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I’ve only ever had lapacho – or Pau D’Arco – once. And felt it tasted pleasant but mediocre – like a lot of herbals. This was an interesting take on the beverage. Lapacho is the base for many requisite chai spices. And vanilla. LOTS of vanilla. Or at least lots of vanilla flavoring. Right outta the gate, vanilla dominates. I love vanilla, but sometimes too much is too much. That didn’t translate to taste, though. On the flavor front, it resembled a cross between hot apple cider and…TheraFlu. I found the oddity delightful.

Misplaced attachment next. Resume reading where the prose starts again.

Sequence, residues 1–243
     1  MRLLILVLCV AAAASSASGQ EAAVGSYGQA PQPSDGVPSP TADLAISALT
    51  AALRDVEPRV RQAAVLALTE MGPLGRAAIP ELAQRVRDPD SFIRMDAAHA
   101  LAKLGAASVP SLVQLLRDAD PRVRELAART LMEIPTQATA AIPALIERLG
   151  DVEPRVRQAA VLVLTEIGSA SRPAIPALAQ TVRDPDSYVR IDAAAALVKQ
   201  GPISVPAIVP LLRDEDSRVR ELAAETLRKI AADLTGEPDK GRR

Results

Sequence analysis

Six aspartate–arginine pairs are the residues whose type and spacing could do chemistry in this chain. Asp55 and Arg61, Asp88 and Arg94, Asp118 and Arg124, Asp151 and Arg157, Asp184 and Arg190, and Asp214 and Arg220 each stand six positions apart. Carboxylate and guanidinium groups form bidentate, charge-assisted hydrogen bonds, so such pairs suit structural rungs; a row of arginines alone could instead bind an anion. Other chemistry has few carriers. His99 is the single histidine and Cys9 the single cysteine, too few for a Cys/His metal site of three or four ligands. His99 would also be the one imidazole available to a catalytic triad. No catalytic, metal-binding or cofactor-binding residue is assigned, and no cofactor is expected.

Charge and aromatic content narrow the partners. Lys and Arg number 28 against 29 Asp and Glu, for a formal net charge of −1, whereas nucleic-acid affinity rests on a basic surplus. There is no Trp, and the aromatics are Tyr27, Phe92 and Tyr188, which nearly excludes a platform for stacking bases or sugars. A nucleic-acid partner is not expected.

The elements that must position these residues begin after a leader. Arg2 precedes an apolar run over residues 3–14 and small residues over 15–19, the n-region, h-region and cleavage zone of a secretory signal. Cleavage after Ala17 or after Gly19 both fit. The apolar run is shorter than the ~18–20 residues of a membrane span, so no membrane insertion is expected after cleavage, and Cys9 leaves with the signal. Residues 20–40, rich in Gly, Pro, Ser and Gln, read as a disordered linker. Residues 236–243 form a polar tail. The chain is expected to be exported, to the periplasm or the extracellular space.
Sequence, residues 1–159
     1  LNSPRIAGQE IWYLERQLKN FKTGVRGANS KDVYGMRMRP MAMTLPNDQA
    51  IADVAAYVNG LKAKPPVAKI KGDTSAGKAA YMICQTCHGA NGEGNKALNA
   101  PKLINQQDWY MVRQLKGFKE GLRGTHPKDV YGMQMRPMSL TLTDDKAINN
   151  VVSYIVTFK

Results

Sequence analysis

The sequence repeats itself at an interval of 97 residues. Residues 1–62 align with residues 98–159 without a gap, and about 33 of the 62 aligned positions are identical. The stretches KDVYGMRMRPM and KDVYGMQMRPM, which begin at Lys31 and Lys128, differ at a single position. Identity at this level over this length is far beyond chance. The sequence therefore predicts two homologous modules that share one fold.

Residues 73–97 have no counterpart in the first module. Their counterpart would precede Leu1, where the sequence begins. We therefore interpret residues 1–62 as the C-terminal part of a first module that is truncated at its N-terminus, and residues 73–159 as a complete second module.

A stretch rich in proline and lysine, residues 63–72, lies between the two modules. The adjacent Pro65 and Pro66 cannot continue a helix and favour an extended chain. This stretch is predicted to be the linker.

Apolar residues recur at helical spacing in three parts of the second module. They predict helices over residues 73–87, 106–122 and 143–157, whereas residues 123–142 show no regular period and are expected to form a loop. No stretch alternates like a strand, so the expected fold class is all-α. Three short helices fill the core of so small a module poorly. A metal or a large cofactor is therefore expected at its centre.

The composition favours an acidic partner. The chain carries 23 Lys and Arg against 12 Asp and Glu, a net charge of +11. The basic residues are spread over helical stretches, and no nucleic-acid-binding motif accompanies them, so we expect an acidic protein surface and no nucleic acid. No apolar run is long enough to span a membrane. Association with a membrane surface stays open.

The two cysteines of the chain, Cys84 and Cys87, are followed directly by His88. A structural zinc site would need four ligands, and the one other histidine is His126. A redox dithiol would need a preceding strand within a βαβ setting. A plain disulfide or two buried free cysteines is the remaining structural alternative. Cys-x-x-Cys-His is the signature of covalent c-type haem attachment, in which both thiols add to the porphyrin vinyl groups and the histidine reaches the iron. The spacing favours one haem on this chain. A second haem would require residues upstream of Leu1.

Full Review: http://www.itsallabouttheleaf.com/2035/tea-review-distinctly-tea-lapacho-vanilla-chai-2/

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On first impression, one would think they were looking at hot cocoa mix. It has the look and smell of it, after all. Sweet yet robust. Only after pouring hot water and whisking the heck out of it, does one find its black tea-ish-ness clear. Of the blended Assam and Darjeeling profiles, the former dominates. This is more malty than muscatel, but it also possesses a nutty middle and a sweet finish. Astringency is thankfully mild but still there. Only gripe I have is that this clumps quite easily, a pre-sift with a strainer is required. Other than that, a very good new take on an old school form.

Full Review: http://www.teaviews.com/2011/03/15/review-pure-matcha-black-matcha/

205 °F / 96 °C 0 min, 30 sec